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As biker movies go, Chrome And Hot Leather is unusual. Biker films,
tended to highlight the wild lifestyle of the outlaw biker culture, as
desirable. But this film doesn't glorify bikers. In fact, the military
establishment, and their straight-arrow values, are the focus of
heroism in this movie.
It's true that by the time this film was made in 1971, outlaw bikers were no longer romanticized like they had been just a few years earlier, by the youth culture. Still, it's hard to believe that during the Vietnam war era, when antiwar sentiments were strong, Hollywood goes and makes a film with the military as the good guys.
The plot centers around a Green Beret Sgt. named Mitch, who is headed home after his tour of duty in 'Nam. He's engaged to be married to a beautiful young woman, and ready to begin a new life as a civilian. Meanwhile, as his fiancé and her friend are out for a drive, they're harassed by a biker gang. This results in an accident, that kills the two women. Mitch, along with a few of his army comrades, are determined to catch the bikers who are responsible for killing his fiancé.
Actor Tony Young infuses the character of Mitch with a steely, square-jawed resolve, to avenge his fiancé's murder. The great R&B singer Marvin Gaye, appears as Mitch's Green Beret buddy. Marvin does an adequate job in his role, but he's a much better singer than actor. William Smith plays the biker gang leader. William has appeared in more biker films over the years, than probably any other actor. With his burly, threatening appearance, Smith seems like he was born to play badass outlaw bikers.
Mitch and his Army pals work together as a cracker-jack military unit, to accomplish their mission of nabbing the biker gang. The way Mitch and company carry out their quest for justice, reminds me of the fictional TV military group, called the A-Team. I wonder if the creators of the A-Team, were inspired by this movie.
Chrome And Hot Leather isn't the best biker film around, but it's different. For fans of biker movies, this one won't validate the bikers as cool. This movie would be most enjoyable for those that admire the military, and how it's members triumph over the bad guys.
The saddest thing about "Chrome and Hot Leather" (1971) is that it
could have been a fairly decent film; at least by American
International biker film standards. They seem to have had a large
budget; at least enough to cast in quantity if not quality; and to
outfit their biker gang (Wizards) with Harley's-something that was
often beyond the budget of these things.
They had William Smith, the best movie baddie of the day, for their gang leader T.J. and Michael Haynes for the chain-throwing mama slapping Casey. In fact the whole biker thing is handled pretty well by the standards of the early 1970's.
Then they had an extremely young Cheryl Ladd (she looks about 16 although she was 18) and former Miss Ohio and Miss America Runner-Up Kathy Baumann (note the John Havlicek Basketball Camp t-shirt she is wearing). In high school she dated someone I knew and she also looks about the same in this film as she did then. Unfortunately neither actress gets to show much in the way of acting skills or exploitable assets. .
This is one of those movies the Army and Air Force Exchange Service saw fit to show us GI's at posts and bases around with world back in the early 1970's. To us at the time virtually everything military related was unintentionally hilarious, from Peter Brown's non-GI haircut (if it was a paying role couldn't he at least have cut it enough so you could see a portion of his ears) to the moronic combat training. It got laughs from us for months whenever someone brought up the topic. On the other hand what was supposed to be the film's comic relief, sequences of Peter Brown and Company learning to ride motorcycles is funny only to those amused by things totally lame and stupid.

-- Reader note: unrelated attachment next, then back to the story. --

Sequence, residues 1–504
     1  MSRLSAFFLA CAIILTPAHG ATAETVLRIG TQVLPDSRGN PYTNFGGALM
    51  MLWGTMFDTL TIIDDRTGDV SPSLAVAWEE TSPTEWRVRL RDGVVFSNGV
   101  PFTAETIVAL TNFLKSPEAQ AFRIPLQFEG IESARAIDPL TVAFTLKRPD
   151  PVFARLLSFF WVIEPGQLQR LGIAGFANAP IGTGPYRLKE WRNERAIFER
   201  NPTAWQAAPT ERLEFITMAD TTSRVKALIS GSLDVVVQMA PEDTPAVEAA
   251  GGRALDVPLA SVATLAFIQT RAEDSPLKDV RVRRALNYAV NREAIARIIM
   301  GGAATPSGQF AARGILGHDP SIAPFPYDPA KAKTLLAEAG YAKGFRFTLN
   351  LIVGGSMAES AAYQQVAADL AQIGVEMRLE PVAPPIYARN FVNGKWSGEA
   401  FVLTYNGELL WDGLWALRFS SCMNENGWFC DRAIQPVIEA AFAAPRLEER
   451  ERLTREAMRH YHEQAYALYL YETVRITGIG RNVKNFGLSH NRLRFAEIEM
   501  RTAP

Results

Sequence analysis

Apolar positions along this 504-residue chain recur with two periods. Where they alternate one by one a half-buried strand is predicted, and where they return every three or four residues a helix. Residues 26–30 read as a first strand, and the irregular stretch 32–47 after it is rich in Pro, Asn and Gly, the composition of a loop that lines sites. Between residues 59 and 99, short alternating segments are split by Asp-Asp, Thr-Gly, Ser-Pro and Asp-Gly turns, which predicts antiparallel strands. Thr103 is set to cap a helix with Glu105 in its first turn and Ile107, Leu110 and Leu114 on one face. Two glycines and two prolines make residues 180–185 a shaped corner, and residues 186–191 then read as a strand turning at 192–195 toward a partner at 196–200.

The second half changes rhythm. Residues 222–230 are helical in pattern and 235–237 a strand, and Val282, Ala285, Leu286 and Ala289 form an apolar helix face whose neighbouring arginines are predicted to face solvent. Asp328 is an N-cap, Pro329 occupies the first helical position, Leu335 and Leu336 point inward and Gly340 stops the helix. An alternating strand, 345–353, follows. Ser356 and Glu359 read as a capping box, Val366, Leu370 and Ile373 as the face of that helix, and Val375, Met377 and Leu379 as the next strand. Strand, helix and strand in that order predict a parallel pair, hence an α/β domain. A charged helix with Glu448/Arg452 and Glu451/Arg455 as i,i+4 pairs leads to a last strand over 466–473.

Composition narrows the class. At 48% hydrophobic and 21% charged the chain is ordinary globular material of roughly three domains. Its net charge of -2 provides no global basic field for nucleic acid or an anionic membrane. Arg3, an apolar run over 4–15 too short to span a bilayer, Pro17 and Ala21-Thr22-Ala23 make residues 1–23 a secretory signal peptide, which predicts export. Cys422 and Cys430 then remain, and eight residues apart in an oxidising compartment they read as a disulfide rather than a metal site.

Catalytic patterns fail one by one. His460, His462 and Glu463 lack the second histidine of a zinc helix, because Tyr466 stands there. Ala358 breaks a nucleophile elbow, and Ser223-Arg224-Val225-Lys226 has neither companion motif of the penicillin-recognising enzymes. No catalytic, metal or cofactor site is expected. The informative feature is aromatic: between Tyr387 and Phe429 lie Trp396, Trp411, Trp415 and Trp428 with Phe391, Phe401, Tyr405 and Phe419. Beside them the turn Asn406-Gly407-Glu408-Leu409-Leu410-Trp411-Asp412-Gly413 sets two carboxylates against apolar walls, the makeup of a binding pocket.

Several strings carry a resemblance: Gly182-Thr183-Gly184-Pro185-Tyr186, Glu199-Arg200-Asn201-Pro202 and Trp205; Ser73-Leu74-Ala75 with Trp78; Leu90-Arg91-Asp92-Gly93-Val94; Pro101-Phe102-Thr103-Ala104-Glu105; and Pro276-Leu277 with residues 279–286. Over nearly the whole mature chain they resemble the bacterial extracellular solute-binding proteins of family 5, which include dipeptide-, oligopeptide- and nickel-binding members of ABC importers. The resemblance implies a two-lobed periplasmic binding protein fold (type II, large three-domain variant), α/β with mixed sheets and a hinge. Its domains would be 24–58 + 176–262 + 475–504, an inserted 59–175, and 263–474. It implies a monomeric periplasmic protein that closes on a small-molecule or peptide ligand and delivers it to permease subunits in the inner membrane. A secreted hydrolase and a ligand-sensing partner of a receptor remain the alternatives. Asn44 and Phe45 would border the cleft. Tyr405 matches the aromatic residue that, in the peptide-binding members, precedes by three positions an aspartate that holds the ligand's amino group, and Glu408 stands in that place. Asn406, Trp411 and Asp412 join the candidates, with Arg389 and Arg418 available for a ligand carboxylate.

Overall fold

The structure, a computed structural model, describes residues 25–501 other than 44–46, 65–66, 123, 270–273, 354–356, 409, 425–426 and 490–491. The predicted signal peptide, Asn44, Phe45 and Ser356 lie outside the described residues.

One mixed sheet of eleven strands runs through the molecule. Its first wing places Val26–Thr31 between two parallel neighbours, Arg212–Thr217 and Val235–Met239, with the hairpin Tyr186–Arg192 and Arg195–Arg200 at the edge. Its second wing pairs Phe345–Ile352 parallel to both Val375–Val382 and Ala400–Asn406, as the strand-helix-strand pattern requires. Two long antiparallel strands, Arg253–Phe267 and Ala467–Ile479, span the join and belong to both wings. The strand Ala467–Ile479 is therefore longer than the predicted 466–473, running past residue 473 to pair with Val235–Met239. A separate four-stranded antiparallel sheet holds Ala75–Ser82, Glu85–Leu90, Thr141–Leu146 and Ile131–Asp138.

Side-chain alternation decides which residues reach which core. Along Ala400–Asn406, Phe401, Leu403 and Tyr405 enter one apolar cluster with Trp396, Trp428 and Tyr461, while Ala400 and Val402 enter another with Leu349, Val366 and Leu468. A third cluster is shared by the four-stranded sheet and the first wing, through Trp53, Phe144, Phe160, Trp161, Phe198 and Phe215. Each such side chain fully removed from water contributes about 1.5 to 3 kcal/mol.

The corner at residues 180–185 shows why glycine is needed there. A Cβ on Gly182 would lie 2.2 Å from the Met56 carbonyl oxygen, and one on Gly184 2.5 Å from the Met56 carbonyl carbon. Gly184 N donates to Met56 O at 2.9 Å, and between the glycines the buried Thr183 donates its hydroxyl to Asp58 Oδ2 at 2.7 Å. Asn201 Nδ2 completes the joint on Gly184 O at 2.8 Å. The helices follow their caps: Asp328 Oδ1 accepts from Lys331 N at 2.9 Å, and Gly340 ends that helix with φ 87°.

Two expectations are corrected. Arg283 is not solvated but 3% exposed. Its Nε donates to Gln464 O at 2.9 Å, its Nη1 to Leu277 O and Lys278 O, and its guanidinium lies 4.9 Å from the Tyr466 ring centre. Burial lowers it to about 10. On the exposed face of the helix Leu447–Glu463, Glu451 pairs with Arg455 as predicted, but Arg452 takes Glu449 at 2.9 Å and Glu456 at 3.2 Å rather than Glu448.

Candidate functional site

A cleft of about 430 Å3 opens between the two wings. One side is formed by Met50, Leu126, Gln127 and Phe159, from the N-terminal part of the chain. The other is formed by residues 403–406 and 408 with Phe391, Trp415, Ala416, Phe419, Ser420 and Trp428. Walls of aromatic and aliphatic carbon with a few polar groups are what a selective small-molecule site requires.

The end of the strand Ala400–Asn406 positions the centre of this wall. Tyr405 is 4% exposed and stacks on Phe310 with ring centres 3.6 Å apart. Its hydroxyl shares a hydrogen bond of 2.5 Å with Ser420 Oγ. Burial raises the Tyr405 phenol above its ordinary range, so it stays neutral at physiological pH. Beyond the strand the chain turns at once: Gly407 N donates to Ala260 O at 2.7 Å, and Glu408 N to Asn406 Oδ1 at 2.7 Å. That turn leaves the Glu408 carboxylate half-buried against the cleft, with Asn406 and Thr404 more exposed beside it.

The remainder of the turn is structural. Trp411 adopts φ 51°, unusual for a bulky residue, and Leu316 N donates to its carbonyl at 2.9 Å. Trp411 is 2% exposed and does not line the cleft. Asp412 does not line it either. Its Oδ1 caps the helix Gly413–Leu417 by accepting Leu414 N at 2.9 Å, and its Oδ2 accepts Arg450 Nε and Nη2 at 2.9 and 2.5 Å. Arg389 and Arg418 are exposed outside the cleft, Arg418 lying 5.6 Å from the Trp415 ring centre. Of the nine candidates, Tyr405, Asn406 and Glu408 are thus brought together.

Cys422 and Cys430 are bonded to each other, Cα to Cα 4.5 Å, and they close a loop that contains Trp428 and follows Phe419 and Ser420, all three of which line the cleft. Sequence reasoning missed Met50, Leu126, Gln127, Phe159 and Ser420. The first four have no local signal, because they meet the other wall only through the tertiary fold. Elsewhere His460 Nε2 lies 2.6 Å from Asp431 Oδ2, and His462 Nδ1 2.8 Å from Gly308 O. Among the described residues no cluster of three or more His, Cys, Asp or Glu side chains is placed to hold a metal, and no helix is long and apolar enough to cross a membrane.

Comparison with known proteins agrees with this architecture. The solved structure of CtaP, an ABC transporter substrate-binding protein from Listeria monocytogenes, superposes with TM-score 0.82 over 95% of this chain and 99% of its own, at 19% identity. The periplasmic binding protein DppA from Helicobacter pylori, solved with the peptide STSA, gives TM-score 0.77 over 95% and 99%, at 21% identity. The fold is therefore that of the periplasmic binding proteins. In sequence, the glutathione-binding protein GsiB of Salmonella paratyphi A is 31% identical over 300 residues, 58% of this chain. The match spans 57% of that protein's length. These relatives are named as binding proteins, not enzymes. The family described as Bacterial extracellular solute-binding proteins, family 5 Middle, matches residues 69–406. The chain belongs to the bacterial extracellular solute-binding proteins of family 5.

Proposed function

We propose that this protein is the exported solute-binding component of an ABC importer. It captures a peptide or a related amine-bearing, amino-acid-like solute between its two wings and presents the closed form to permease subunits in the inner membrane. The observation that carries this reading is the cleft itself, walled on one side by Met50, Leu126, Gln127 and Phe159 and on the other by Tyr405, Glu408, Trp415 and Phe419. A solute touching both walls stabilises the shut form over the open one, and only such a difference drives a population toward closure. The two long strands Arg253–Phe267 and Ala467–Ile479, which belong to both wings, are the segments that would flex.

In retrospect the film never had a chance given its director Lee "The Man With Two Heads" Frost and its star, the aging Tony Young. When you look bad in comparison to a non-actor (Marvin Gaye plays Tony's pal) it is time to find another line of work. Young lined up the financing for this baby and hired Frost on the condition he be given the lead. You won't find a more wooden actor than Young, whose character looks like an extremely dour 55 year-old man and is supposed to be the love interest for the two teen actresses.
Several times they appear headed in the self-parody direction (if that is what they had emphasized the film would be a classic) and Smith lets you know that he is playing this thing for laughs. But this tiny attempt at real humor is dwarfed by the unintentional hilarity and the giggles you will get from the many continuity errors that occur throughout the movie.
Then again, what do I know? I'm only a child.
*** This review may contain spoilers ***
A biker gang led by William Smith has one bad cog(Michael Haynes), who
runs two girls off the road. Both are killed, one being the girlfriend
of a Seargent(Tony Young) in the Green Berets. The Sgt. and few of his
buddies, including singer Marvin Gaye,set out to do what the local
authorities are having trouble doing...hunt down the biker gang. Buying
motorcycles and "borrowing" some Army weapons and a truck, the small
group of Green Berets seek out the gang, The Wizards, to deal revenge
and justice. Also in the cast: Peter Brown, Katherine Baughmann, Herb
Jeffries, Bobby Pickett, Cheryl Ladd and Dan Haggerty.
NOTE: Pickett is the same Bobby "Boris" Pickett whose original "Monster Mash" hit the Billboard's Top 100 on three different occasions. Motown artist Gaye does not sing in this his one and only film appearance.
Lee Frost was a capable and half-way decent director and
cinematographer, I guess. He has a catalog of work from the 60s and
70s, such titles (and such titles I've yet to see the movies of) that
includes Zero in and Scream, Mondo Bizarro, Nazi Love Camp and The
Black Gestapo. I don't know if having such a catalog of work and a
halfway decent eye as a DoP meant he made good movies. Probably not
entirely the case. But Chrome and Hot Leather, aside from its
hard-knock-awesome title, has a few things going for it. For one thing
its star, the Lieutenant who returns from Vietnam to discover that his
girlfriend was run off the road by a hothead member of a biker gang
called the Beards (?), has a hard-jaw face and voice that's like a
knock-off of Sterling Hayden. It's also got a likable-cum-sleazy cast
of biker folk who get drunk, arm wrestle and sometimes have some group
sex. Not that you see too much of it, of course, since it's PG-13 (at